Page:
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Jane Eyre - Is Rochestera character we can admire?

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Is Rochester a character we can admire? Edward Fairfax Rochester is a typical example of the Byronic hero. He is a passionate man, often guided by his senses rather than by his rational mind, which leads him to decisions and actions that can not always be considered admirable. The first meeting between Rochester and Jane takes place in Hay Lane. Rochester is immediately quite arrogant, as he can tell from her appearance that she is of an inferior class. At times Rochester shows himself to be dismissive of the lower classes. By his own admission, his tone is one of command and he is "used to say, "Do this," and it is done." He also claims that he "cannot alter my customary habits for one new inmate", referring to Jane. However, in the next chapter he says to Jane, "I don't wish to treat you like an inferior" claiming superiority only from the difference in age and experience. Rochester's superior tone is not one we can admire and the way he looks down on those of lower classes illustrates how conceited he can be. ...read more.


He found her "a fine woman, in the style of Blanche Ingram: tall, dark and majestic", all the qualities which "dazzled and stimulated" his senses. Despite the fact that Rochester is often ruled by his senses, and makes rash decisions, where things go wrong he tries his best to remedy the situation. In an effort to make up for Ad�le's losses he accepts responsibility for her, and takes her to England with him in the hope that she will have better life under his care than might otherwise have been the case. In Bertha Mason's case, he personally looks after his first wife and hires a private carer for her, rather than admitting her to a hospital. Rochester's goal is self-transformation, an enactment through his relationships with other women. He says, however, that he has given up his shameful lifestyle, and is ready to begin a new, purer life. Rochester tells Jane he is rearing Ad�le in order to expiate the sins of his youth. This is quite admirable, as he is willing to give up his lively past in exchange for the freshness and freedom he believes Jane can bring him. ...read more.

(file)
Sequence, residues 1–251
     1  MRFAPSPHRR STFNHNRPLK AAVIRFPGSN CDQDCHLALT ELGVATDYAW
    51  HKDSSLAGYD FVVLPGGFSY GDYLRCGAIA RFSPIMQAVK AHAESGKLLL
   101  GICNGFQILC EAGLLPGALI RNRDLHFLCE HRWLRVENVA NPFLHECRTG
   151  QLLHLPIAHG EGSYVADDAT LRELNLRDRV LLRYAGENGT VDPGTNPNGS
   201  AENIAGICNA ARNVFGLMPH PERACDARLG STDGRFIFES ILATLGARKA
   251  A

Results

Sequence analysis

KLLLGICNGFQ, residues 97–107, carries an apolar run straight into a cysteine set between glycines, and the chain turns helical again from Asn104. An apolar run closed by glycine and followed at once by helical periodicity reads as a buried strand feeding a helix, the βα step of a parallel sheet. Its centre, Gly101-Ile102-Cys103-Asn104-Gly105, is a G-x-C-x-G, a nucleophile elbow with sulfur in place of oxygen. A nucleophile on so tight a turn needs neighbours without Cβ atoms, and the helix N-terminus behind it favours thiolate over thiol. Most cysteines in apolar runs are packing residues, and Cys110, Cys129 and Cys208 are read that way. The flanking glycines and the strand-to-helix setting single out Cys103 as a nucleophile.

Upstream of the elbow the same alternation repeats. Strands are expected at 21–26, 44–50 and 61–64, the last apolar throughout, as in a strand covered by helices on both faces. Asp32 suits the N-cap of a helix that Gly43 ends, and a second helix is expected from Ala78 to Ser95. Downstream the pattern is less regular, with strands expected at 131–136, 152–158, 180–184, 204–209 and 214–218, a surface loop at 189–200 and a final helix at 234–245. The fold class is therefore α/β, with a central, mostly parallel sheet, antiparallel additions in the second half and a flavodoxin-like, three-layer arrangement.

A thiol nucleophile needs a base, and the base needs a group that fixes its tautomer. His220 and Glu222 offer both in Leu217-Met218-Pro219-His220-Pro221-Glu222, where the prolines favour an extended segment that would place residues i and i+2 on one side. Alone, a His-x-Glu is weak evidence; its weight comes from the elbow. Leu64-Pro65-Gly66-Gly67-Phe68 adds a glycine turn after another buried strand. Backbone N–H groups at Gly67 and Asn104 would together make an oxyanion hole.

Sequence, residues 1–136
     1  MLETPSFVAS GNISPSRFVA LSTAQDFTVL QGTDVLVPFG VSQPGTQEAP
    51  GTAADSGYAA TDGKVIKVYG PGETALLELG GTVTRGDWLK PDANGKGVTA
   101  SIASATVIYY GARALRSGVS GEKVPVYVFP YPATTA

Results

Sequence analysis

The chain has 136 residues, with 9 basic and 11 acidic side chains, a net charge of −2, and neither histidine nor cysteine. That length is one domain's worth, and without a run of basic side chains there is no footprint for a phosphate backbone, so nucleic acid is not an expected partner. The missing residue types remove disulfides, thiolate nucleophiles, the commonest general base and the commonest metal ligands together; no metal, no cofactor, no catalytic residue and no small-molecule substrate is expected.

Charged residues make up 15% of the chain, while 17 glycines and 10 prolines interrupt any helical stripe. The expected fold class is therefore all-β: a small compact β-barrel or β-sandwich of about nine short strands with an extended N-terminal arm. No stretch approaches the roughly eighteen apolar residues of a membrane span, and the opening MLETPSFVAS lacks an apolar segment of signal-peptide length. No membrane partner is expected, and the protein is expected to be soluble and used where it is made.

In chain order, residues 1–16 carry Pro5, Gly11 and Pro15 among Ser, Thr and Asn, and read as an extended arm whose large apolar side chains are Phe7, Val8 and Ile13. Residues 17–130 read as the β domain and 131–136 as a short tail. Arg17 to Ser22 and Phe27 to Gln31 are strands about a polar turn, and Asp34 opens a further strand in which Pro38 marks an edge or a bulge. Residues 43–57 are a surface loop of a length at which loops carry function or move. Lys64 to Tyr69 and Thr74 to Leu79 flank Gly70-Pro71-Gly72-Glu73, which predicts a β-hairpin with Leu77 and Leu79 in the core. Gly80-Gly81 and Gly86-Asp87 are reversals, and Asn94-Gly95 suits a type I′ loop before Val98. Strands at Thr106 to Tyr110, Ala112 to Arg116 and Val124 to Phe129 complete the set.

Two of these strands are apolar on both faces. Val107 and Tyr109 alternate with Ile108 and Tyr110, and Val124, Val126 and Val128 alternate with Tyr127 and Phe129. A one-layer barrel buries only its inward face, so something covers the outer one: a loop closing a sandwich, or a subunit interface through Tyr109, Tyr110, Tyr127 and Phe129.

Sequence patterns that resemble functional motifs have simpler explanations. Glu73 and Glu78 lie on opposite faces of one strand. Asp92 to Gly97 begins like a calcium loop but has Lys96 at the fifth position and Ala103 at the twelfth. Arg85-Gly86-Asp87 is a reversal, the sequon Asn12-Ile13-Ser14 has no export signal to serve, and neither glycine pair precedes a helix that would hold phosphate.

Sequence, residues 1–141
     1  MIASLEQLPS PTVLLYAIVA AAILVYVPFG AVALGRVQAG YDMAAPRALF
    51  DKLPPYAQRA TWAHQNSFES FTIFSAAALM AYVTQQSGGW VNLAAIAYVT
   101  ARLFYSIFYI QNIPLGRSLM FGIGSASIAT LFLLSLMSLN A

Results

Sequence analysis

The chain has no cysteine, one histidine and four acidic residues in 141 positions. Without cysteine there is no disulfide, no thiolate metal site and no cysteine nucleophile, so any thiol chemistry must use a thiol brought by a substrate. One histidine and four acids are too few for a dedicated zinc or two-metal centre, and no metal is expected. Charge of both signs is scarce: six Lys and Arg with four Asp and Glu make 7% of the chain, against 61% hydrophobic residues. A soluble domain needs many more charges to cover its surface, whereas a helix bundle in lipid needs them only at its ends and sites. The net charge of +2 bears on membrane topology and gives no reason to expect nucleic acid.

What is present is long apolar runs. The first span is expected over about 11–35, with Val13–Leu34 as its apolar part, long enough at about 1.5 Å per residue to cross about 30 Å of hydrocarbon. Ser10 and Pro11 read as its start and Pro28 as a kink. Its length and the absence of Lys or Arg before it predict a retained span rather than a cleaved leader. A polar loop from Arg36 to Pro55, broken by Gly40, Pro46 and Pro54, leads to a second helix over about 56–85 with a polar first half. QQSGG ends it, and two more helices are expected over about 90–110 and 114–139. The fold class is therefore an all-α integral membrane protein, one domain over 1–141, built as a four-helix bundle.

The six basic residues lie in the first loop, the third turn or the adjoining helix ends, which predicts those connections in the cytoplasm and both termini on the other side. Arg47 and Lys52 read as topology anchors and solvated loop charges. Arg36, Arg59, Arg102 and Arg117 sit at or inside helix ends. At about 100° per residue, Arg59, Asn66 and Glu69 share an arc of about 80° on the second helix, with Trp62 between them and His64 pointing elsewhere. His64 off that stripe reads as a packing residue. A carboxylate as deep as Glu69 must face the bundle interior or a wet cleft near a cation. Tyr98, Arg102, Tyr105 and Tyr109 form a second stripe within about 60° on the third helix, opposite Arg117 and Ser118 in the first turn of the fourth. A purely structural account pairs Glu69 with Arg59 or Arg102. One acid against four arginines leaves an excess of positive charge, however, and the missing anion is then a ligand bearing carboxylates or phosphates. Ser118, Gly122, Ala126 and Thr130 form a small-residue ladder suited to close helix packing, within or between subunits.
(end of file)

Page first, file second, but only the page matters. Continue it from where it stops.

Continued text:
Although he was working towards self-transformation, his means were quite immoral until he began to know and love Jane. Their relationship encouraged him to become a new man. Throughout the novel Rochester is in a state of transformation and the reader can see the change from the rude and obnoxious man he was when Jane bumped into him on Hay Lane, to the loving husband he has become at the end of the novel. His attempts at bigamy and other immoral acts can all be forgiven as they are in an effort to keep Jane with him, and pursue a relationship with his soul mate. This combined with his change throughout the novel, and other instances such as his attempt to save Bertha from the fire she started at Thornfield in an effort to kill him, show the reader how admirable he is. Perhaps not insignificantly he is blinded and loses a hand when Bertha sets fir to Thornfield; symbolically his excessive passion has exploded leaving him disabled. Rochester has passed "through the shadow of the valley of death" to become the perfect mate, having paid for his sins, he is now a suitably docile husband for Jane, who morally guides him and corrects him at the novels end. ...read more.

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